California – Los Angeles: Bruin Shelter
Louis Tse graduated from UCLA’s PhD program for Mechanical Engineering in spring 2016. Born and raised in Arizona, Louis grew up volunteering at museums and developed a strong interest in engineering and humanitarian work. Having just accepted a job at the Jet Propulsion Lab in Pasadena to advance Mars exploration, Louis is spending this summer finalizing details and initiating the functions of the Bruin Shelter in Santa Monica.
Upon arrival to UCLA, Louis was very excited to become a part of the Greater Los Angeles community. Louis grew more involved with social issues after his first volunteer experience with the UCLA Volunteer Center, a One Bus, One Cause event in which he served at the Veterans Succeeding in the 21st Century center. His enthusiasm for service flourished and his passion was ignited when the problem of student homelessness became a personal concern of his. Louis acknowledged the amount of homelessness faced by UCLA students and forewent an apartment, living out of his car so that he could save his rent money to be put toward Bruin Shelter.
Slated to open in October 2016, Bruin Shelter will provide residency, nutrition, and stability for Bruins who struggle with housing. It is only the second student-run homeless shelter for young adults in the nation, following the lead of a similar program at Harvard University. The programs, though similar, differ in a number of ways. For example, Bruin Shelter has an application process for residents, whereas the Harvard program is based on a lottery system. Despite program differences, the students who run the shelter at Harvard have been tremendously helpful in providing assistance to the planning of Bruin Shelter.
The new program was founded by Louis and is administrated by 20 student directors who each offer energy and knowledge to the shelter’s efforts. Staffing the shelter are 50 student volunteers who cook meals, spend time with the residents, provide emotional support, and stay overnight at the shelter to ensure things run smoothly.
Additionally, the shelter receives much support from the community and nonprofit partners. “In the early days when Bruin Shelter was a concept yet to take flight, it was the unconditional encouragement of many people at UCLA who served as the rocket fuel that launched the idea into a reality – Shannon Hickman, Mick Deluca, Mike Cohn, Kevin McCardle, Maria Blandizzi, just to name a few,” said Louis. After reaching out to Kevin McCardle from the UCLA Anderson School of Management, Louis discovered one of his earliest supporters and advisors. Kevin has been president of the board of St. Joseph’s Center for over 15 years, and has worked to establish the partnership with Bruin Shelter. St. Joseph’s Center provides services to the homeless every day and focuses on helping them find permanent housing by navigating the housing search and providing “rapid rehousing” rental assistance. While most homeless services require sobriety and attainment of a job as prerequisites for housing assistance, St. Joseph’s Center takes a novel approach with the “housing first” model, which stresses the importance of consistency in addressing the root causes of homelessness. With this in consideration, Bruin Shelter has been established to provide housing and services for homeless students without neglecting those afflicted by job and sobriety issues.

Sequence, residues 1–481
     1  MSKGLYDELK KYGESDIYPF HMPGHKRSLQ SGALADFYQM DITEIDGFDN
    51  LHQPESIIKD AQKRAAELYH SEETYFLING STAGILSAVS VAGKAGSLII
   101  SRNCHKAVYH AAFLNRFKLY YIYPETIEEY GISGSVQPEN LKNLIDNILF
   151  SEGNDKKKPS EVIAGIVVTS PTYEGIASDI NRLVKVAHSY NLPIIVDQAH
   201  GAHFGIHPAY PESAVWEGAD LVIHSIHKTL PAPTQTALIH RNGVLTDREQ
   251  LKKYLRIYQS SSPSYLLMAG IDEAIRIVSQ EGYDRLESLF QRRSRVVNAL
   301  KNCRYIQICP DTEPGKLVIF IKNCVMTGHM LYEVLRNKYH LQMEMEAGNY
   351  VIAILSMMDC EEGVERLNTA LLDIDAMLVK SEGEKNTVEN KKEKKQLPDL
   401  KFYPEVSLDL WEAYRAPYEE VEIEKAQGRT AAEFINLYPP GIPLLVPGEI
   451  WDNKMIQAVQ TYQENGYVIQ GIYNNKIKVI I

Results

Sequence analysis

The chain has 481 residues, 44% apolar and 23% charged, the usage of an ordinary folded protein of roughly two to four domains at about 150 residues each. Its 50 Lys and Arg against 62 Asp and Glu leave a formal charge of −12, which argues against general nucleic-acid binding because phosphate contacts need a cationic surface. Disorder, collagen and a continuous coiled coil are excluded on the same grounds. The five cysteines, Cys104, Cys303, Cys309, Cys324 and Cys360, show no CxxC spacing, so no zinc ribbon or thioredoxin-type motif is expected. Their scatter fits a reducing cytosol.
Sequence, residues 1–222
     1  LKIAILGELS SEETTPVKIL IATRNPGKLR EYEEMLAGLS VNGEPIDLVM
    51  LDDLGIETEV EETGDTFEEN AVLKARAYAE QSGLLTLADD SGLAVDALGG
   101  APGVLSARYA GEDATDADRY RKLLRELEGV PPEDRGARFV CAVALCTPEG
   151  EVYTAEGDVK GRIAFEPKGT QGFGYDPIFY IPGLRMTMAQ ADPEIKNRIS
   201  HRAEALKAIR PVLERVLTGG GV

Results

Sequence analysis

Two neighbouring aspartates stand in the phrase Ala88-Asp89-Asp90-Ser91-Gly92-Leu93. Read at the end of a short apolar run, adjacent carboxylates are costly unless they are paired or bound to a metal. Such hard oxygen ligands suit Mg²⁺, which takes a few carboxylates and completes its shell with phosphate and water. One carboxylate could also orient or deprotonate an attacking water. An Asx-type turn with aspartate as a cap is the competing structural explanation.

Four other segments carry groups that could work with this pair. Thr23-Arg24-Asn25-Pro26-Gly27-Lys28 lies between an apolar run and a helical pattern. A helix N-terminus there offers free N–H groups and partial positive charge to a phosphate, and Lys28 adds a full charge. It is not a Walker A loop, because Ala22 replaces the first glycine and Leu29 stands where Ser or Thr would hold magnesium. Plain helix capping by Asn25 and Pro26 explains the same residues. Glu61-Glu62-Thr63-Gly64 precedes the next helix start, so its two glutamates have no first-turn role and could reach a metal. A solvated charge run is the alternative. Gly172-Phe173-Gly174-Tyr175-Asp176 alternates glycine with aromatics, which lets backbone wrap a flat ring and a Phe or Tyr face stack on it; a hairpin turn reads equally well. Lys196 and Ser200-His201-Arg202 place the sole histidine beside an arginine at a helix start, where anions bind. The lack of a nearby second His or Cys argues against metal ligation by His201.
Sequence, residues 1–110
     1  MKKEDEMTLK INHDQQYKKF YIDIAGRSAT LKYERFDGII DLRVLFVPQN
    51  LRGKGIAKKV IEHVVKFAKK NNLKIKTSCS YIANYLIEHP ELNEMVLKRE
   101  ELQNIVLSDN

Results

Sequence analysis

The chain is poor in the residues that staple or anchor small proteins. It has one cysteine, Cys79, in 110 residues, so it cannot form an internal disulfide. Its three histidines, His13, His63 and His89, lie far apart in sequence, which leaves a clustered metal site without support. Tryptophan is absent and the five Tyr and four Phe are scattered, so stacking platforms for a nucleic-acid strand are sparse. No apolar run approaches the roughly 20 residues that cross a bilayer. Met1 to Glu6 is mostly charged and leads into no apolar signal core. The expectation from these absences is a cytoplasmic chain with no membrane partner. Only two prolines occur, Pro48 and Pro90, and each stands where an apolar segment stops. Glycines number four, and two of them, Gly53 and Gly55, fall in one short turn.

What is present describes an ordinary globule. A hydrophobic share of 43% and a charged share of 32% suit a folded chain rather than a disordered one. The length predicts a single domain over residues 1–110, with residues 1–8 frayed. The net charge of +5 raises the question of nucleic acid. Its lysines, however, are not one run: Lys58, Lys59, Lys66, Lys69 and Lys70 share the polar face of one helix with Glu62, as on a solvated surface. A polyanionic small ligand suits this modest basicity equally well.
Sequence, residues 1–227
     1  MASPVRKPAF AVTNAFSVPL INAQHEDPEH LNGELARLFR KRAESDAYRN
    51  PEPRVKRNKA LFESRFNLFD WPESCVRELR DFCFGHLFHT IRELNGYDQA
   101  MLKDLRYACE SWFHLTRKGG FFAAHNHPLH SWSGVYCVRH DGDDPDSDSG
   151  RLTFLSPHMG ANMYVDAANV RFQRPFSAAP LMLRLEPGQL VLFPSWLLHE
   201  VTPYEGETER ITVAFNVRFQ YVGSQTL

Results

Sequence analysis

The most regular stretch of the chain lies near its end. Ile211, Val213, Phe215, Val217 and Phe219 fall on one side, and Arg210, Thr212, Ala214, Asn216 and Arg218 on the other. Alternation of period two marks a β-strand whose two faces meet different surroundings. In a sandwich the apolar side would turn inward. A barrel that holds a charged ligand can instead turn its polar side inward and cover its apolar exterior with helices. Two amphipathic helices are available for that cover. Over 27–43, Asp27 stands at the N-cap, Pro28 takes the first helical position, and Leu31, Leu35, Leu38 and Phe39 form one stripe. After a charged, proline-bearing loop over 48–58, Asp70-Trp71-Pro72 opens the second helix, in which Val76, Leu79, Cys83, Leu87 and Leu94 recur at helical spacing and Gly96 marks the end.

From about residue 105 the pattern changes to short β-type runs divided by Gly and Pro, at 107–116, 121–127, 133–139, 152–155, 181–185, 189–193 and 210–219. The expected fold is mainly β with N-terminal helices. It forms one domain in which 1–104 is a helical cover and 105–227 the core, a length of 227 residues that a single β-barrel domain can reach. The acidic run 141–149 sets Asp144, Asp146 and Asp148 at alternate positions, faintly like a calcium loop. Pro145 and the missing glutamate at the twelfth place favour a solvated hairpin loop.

The most impactful event leading to Louis’s creation of the shelter occurred when he visited Skid Row with friends to hand out food to the homeless men and women living there. After befriending one of the men, Louis learned that his new friend was not just living on Skid Row, but was also attending college. Louis began to acknowledge the parallels between his own life and that of this man, and he became keenly aware of how easily “had outcomes been different, [he] could have ended up on Skid Row.”
His time at UCLA has taught him a greater sense of the impact he can have as an individual. He has learned to think about things differently and to realize that as young adults and future leaders, the college-aged generation holds a special position in the world that no one else does, to be in a place where the problems of the world present themselves to you and your future is open to solving them. He hopes to inspire others to use that opportunity for making a difference to create, even in the smallest sense, a ripple effect to spur waves of change in the future. With only 12 beds, Bruin Shelter is trying to maximize its impact. Louis explains that “12 beds is only a drop in the bucket, but having a small but mighty team of people come together and say ‘we’re going to do something about this issue’ means a lot. Everyone is precious and deserves opportunity.”
At the start of the application process, Louis and the team didn’t know what challenges they would face. They weren’t sure how Bruin Shelter would be perceived due to the stigma associated with the label “homeless.” After the first day the application opened, however, the team received more applicants than they were able to serve. While it was unfortunate that there would not be ample room for all of the applicants, this experience brought joy to Louis and the team who witnessed the initial impact of the shelter and the community need for the service they would be providing. Through interviews with the candidates, the board heard stories of foster homes, long term homelessness, abuse, and more. Louis found inspiration in their stories of perseverance, and learning about the obstacles many of these individuals had to overcome galvanized the reasons for the creation of the shelter.
For any individuals interested in getting involved, the shelter is seeking volunteers to cook meals, hang out with the residents, stay overnight, and perform tasks around the premises. For more information, visit bruinshelter.com.
The More You Know
|Service Organization||Bruin Shelter|